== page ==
What is negligence?

What is negligence?

Negligence is a legal concept, a subcategory of the larger legal concept of “torts.” Torts is one of the pillars of remedial law, along with criminal law and contracts, i.e., a law which lays out the process of securing a remedy for an alleged wrong. For example, in contract law, if a contracting party reneges on a promise, contract law provides a remedy for the aggrieved party. So too in tort law.

In tort law if a party is physically injured by another, tort law provides a remedy for the injured party.

Lady Justice | Personal Injury Law

If a party is physically injured by another, tort law provides a remedy for the injured party.

There are several types of torts including intentional and unintentional. Intentional torts include assaults of various varieties, defamation and so forth — wrongs which people intentionally commit. Then there are wrongs which people unintentionally commit. Negligence falls into the unintentional tort category.

When a person is negligent in the operation of a motor vehicle, and that negligence results in harm to another, then it is said that the negligent person is “liable” for the inflicted harm. This sounds very straightforward, right? Wrong. Judges, juries, and legal scholars have wrestled with the theoretical and practical meaning of negligence for centuries. It’s one of the beautiful and frustrating attributes of the law.

Negligence itself is divided into four major categories or “elements” — duty, breach, causation, and damages. Visit any first-year law school class around final exam time and you’ll likely encounter scores of zombie-like law students chanting the mantra of negligence — duty, breach, causation, damages.

Many of my clients think that merely because another driver has disregarded the rules of the road and collided with their vehicle, they are “owed” damages — i.e. money. In other words that the offender is “strictly liable.” This is not the case — even if the collision was so severe it “could have killed me.”

Understand that the client (which means you for the sake of this discussion) has the burden of proving the offender’ s negligence. It may not seem it, but right there is a mouthful. Some of my clients roll their eyes when I tell then this. They tell me: “why should I have to prove anything. After all, he hit me.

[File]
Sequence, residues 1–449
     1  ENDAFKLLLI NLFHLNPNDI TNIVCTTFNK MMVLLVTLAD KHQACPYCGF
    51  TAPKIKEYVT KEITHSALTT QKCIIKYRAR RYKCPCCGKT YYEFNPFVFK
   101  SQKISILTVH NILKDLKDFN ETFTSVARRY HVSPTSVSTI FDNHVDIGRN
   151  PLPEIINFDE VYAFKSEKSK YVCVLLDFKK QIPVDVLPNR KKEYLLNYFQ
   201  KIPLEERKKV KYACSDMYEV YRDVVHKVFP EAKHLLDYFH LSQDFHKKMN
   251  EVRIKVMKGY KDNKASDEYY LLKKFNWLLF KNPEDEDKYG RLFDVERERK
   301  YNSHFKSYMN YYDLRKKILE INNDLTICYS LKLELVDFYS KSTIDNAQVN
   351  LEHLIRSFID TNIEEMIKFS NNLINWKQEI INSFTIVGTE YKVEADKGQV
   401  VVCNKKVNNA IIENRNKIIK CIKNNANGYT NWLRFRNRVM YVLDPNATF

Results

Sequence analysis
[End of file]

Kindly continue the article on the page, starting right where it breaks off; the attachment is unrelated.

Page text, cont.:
At law, this means that you — hopefully your lawyer — must prove each and every element of the alleged offender’ s negligence.

So let’s briefly examine the elements of negligence.

“Duty” means the obligation to take care in all of our dealings with others. For the purposes of this discussion, we’ll take duty for granted.

Let’s move on to breach. Breach is the heart of negligence — when a person breaches her duty of care to another person. In the context of an MVA (Motor Vehicle Accident), a breach can occur in any number of ways — traveling too fast for conditions, failure
to obey a traffic signal and so forth. It usually involves a traffic violation, but not necessarily so.

But, just because a police officer charges a driver with a traffic offense does not necessarily mean you have proven the element of breach. The police have been known to be wrong in their determination of liability. If that sounds like an understatement, it is.

Unless the responding officer actually sees an accident occur, his testimony about how the accident happened is irrelevant and inadmissible at trial. And unless he has been trained as an accident reconstruction expert, he cannot give his opinion as to who caused the accident and why.

This fact definitely comes as a shock to some clients. Moreover, what happens if there is evidence that you have also to acted negligently — what is called comparative negligence? We can take that issue up in another blog.